When Congress created the Federal Circuit in 1982, it thought it was creating a court of appeals. Little did it know that it was also creating a quasi-administrative agency that would engage in substantive rulemaking and set policy in a manner substantially similar to administrative agencies. In this Article, I examine the Federal Circuit's practices when it orders a case to be heard en banc and illustrate how these practices cause the Federal Circuit to look very much like an administrative agency engaging in substantive rulemaking. The number and breadth of questions the Federal Circuit agrees to hear en banc and the means by which it hears them goes beyond the limited role of a court – to decide the case before it. Instead of exercising restraint and addressing only what it must, the Federal Circuit raises wide-ranging questions and makes broad pronouncements of law that sets or changes patent policy. This role has traditionally been delegated to administrative agencies that must comply with the Administrative Procedure Act, particularly the notice and comment provisions. Despite being an appellate court and not being subject to the notice and comment requirements, the Federal Circuit seems to comply with these requirements when it orders cases to be heard en banc. And although there are strong objections as to why the en banc Federal Circuit should refrain from acting like an administrative agency by engaging in substantive rulemaking and policy setting, I argue that the Federal Circuit is probably in the best position to do so, although other governmental bodies can or should play a larger role in shaping patent policy.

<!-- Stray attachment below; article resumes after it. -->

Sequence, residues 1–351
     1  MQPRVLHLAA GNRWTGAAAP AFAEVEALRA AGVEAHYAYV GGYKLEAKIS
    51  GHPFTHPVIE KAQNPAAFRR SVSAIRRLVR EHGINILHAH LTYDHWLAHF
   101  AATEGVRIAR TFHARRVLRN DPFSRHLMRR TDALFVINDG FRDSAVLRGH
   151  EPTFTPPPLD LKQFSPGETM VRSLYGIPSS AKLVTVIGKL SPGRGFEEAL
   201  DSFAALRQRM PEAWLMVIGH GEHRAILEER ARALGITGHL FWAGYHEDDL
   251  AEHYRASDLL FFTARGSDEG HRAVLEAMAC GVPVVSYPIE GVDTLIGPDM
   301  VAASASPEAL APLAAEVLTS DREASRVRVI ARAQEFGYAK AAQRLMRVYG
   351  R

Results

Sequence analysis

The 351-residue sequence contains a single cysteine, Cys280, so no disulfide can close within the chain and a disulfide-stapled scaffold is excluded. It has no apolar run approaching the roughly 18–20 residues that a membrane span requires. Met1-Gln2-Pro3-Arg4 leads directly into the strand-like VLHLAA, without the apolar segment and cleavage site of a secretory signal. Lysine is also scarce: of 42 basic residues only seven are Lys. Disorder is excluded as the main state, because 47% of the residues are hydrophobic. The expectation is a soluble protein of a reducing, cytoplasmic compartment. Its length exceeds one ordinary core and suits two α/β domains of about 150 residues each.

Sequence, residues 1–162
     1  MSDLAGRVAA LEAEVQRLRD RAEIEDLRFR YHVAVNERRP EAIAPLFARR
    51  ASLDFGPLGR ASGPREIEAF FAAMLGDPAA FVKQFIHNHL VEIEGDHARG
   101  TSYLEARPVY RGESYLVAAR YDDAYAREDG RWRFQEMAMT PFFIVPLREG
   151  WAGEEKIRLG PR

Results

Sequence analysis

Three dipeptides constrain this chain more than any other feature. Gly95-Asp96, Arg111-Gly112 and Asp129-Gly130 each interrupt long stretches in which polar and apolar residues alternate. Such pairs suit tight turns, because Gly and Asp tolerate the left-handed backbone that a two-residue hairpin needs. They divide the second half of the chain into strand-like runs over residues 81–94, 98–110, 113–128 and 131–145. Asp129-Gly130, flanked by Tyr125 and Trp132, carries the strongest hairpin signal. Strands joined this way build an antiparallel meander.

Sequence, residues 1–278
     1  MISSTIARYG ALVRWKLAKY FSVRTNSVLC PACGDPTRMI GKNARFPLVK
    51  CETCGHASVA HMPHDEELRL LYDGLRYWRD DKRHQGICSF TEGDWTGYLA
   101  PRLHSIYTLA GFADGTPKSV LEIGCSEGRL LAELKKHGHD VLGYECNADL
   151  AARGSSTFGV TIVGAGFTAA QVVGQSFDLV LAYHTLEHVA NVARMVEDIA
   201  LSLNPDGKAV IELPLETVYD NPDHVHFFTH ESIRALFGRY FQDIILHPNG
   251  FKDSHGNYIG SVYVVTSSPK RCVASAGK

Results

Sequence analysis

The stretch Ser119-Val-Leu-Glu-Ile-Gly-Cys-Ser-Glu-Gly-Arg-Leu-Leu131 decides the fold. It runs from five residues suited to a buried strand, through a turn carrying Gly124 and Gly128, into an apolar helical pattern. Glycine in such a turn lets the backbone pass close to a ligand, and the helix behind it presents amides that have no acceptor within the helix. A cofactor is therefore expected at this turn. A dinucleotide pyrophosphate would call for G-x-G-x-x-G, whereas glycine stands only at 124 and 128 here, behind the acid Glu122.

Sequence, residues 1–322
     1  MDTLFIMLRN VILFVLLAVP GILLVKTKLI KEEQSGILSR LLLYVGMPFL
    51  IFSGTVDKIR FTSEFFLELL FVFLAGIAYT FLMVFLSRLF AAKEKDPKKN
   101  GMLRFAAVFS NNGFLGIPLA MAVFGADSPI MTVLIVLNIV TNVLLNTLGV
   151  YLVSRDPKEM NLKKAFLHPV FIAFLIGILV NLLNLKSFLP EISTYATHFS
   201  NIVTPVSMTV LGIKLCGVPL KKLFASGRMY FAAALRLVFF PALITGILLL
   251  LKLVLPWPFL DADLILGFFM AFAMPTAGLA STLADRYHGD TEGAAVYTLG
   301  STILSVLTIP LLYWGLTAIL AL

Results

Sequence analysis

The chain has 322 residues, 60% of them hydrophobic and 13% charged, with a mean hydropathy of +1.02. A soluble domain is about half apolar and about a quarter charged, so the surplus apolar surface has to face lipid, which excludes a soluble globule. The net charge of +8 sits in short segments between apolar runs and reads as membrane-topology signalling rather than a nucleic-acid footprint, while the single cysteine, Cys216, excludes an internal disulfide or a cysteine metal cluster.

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Missouri Law Review

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